Publication details

Round goby movement patterns in a non-navigable river

Authors

ŠLAPANSKÝ Luděk JANAC Michal ROCHE Kevin JURAJDA Pavel

Year of publication 2020
Type Article in Periodical
Magazine / Source Canadian Journal of Fisheries and Aquatic Sciences
MU Faculty or unit

Faculty of Science

Citation
Web http://web.b.ebscohost.com.ezproxy.muni.cz/ehost/pdfviewer/pdfviewer?vid=4&sid=a05aaff2-6741-47cf-8bc7-631ed32cd5ea%40pdc-v-sessmgr01
Doi http://dx.doi.org/10.1139/cjfas-2018-0488
Keywords DULUTH-SUPERIOR HARBOR; FRESH-WATER FISH; NEOGOBIUS-MELANOSTOMUS; PROTERORHINUS-SEMILUNARIS; GREAT-LAKES; RANGE EXPANSION; POPULATION; DISPERSAL; INVASION; GOBIES
Description Understanding non-native species dispersal is vital for their future management. The round goby (Neogobius melanostomus) has greatly extended its range since the 1990s, with commercial shipping being the main vector. However, our knowledge regarding their secondary dispersal from points of introduction is surprisingly limited. In this study, a series of field experiments were undertaken on a mid-sized river to assess goby dispersal patterns within an established population, following a simulated release of a large number of propagules, or at a simulated invasion front. Most of the established population remained stationary and just a few individuals undertook long-distance dispersal (principally upstream). Mean distance travelled was 1.1 m.day(-1) (max. 29.6 m.day(-1)). While site fidelity appeared to last for most of the year (including winter), it was surprisingly relaxed during the spawning season. Concentrated release of a large number of propagules resulted in appreciably greater movement rates than in the established population, with upstream movement again dominating. In general, smaller, mostly male fish tended to move further and appeared as first colonizers in uninvaded areas.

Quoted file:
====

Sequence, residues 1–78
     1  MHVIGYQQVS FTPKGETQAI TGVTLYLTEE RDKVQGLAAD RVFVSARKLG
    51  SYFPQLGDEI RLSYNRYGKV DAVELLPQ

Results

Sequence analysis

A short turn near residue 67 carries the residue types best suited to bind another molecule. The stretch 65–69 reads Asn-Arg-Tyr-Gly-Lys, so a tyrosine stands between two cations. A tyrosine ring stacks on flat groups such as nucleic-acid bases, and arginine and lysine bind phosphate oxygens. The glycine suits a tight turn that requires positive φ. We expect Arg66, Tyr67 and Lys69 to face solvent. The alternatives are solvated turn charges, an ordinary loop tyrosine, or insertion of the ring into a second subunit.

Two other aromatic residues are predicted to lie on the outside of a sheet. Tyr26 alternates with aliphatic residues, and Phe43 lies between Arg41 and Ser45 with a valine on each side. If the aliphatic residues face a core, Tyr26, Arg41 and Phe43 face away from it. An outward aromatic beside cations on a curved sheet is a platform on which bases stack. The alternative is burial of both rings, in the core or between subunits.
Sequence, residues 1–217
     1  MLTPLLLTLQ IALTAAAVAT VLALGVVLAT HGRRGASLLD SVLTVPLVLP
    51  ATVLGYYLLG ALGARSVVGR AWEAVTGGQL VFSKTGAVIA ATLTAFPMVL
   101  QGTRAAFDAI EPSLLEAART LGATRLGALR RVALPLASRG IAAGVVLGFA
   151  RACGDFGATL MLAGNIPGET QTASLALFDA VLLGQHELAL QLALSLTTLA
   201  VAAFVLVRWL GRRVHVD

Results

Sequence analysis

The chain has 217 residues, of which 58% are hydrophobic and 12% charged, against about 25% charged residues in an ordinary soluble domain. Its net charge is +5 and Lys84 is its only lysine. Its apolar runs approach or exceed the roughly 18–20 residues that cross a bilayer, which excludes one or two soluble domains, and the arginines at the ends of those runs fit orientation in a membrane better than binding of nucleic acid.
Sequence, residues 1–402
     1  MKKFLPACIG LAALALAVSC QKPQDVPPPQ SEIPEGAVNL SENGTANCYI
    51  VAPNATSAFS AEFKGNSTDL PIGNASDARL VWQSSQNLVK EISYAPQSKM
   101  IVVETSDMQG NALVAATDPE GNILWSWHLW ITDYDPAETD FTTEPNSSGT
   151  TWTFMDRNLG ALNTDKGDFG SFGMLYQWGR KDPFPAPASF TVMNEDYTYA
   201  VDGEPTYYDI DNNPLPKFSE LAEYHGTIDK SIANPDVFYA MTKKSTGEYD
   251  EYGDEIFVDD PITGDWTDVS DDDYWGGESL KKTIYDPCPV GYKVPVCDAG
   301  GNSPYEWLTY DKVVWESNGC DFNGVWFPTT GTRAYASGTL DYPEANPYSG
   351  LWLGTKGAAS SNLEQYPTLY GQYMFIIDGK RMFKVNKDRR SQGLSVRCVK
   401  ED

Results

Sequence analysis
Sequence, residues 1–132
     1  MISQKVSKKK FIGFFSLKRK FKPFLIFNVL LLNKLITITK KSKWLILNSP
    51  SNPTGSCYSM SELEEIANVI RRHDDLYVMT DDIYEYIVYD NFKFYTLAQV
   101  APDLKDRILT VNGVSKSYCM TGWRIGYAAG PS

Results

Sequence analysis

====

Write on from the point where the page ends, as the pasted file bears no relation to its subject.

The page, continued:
Related projects: